Now that you understand SPAs, let’s get to creating a simple Single-Page Application using Asynchronous Javascript.


Creating a simple Single-Page Application

We’re going to create an application that just reads data from a data file and loads the data into our HTML. But if you remember, what makes this application special is the fact that the data will be loaded  after our HTML loads. We can choose to load our data whenever we want - when a user clicks a button, after a certain time, when something in our HTML changes, it’s up to you! I will choose to load our data when the user click a button.
Here is our tiny HTML page with our script:

[code]

<!DOCTYPE html>
<html>
<head>
<link href=“style.css” rel=“stylesheet” />
</head>
<body>

<div><h2 id=“user">User’s name goes here</h2></div>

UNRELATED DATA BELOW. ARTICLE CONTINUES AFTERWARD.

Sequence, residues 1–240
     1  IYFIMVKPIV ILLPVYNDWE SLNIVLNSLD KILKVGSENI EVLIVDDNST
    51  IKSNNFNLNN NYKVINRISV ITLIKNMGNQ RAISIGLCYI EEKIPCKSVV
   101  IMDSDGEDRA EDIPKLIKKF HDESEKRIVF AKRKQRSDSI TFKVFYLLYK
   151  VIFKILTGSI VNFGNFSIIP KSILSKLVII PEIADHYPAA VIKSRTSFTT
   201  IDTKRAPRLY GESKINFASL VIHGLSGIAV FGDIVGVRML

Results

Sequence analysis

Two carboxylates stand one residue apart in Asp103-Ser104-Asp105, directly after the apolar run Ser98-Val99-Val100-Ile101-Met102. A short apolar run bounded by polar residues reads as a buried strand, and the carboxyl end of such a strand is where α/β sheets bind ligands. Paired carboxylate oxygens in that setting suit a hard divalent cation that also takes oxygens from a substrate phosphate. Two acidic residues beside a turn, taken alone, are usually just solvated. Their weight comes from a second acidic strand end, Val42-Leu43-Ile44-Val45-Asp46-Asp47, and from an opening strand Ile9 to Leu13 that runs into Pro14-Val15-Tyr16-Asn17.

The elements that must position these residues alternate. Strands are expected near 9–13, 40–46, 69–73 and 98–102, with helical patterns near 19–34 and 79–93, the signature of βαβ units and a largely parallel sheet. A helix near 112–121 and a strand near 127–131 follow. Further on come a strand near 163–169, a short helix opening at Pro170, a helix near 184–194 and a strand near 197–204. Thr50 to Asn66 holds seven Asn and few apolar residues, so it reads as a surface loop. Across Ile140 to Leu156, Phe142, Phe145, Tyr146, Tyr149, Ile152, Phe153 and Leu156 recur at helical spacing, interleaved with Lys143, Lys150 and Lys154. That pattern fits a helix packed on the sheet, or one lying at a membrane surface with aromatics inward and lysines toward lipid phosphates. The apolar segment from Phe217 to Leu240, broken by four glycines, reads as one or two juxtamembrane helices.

<button type="button" onclick=“loadUser()”>Load User</button>

<script>
function loadUser() {
var xhttp = new XMLHttpRequest();
xhttp.open("GET", “http://example.com/user/user_info.txt", true);
xhttp.onreadystatechange = function() {
if (xhttp.readyState == 4 && xhttp.status == 200) {
document.getElementById(“user").innerHTML = xhttp.responseText;
}
}
xhttp.send();
}
</script>
</body>
</html>

[/code]

If you’ve never seen HTML (although I bet you have and just don’t remember), it’s a very simple markup language.


The first line, <!DOCTYPE html> tells your browser this is an html file. Then we begin an html tag with <html> and close it with </html>. This is the general syntax of an HTML tag: <tag>[content goes here]</tag>. Notice everything goes inside <html></html>. Some tags don’t need closing tags: <img src=“photo.jpg” /> because nothing goes in between them.


The <head> tag holds information about our webpage such as our stylesheet (this is what makes webpages look pretty and interesting). We will not be working with stylesheets in this post. Information in the head tag is only for the browser and developers to work with behind the scenes. Noting in between them is printed to screen. Only information in the <body> tag get printed to screen.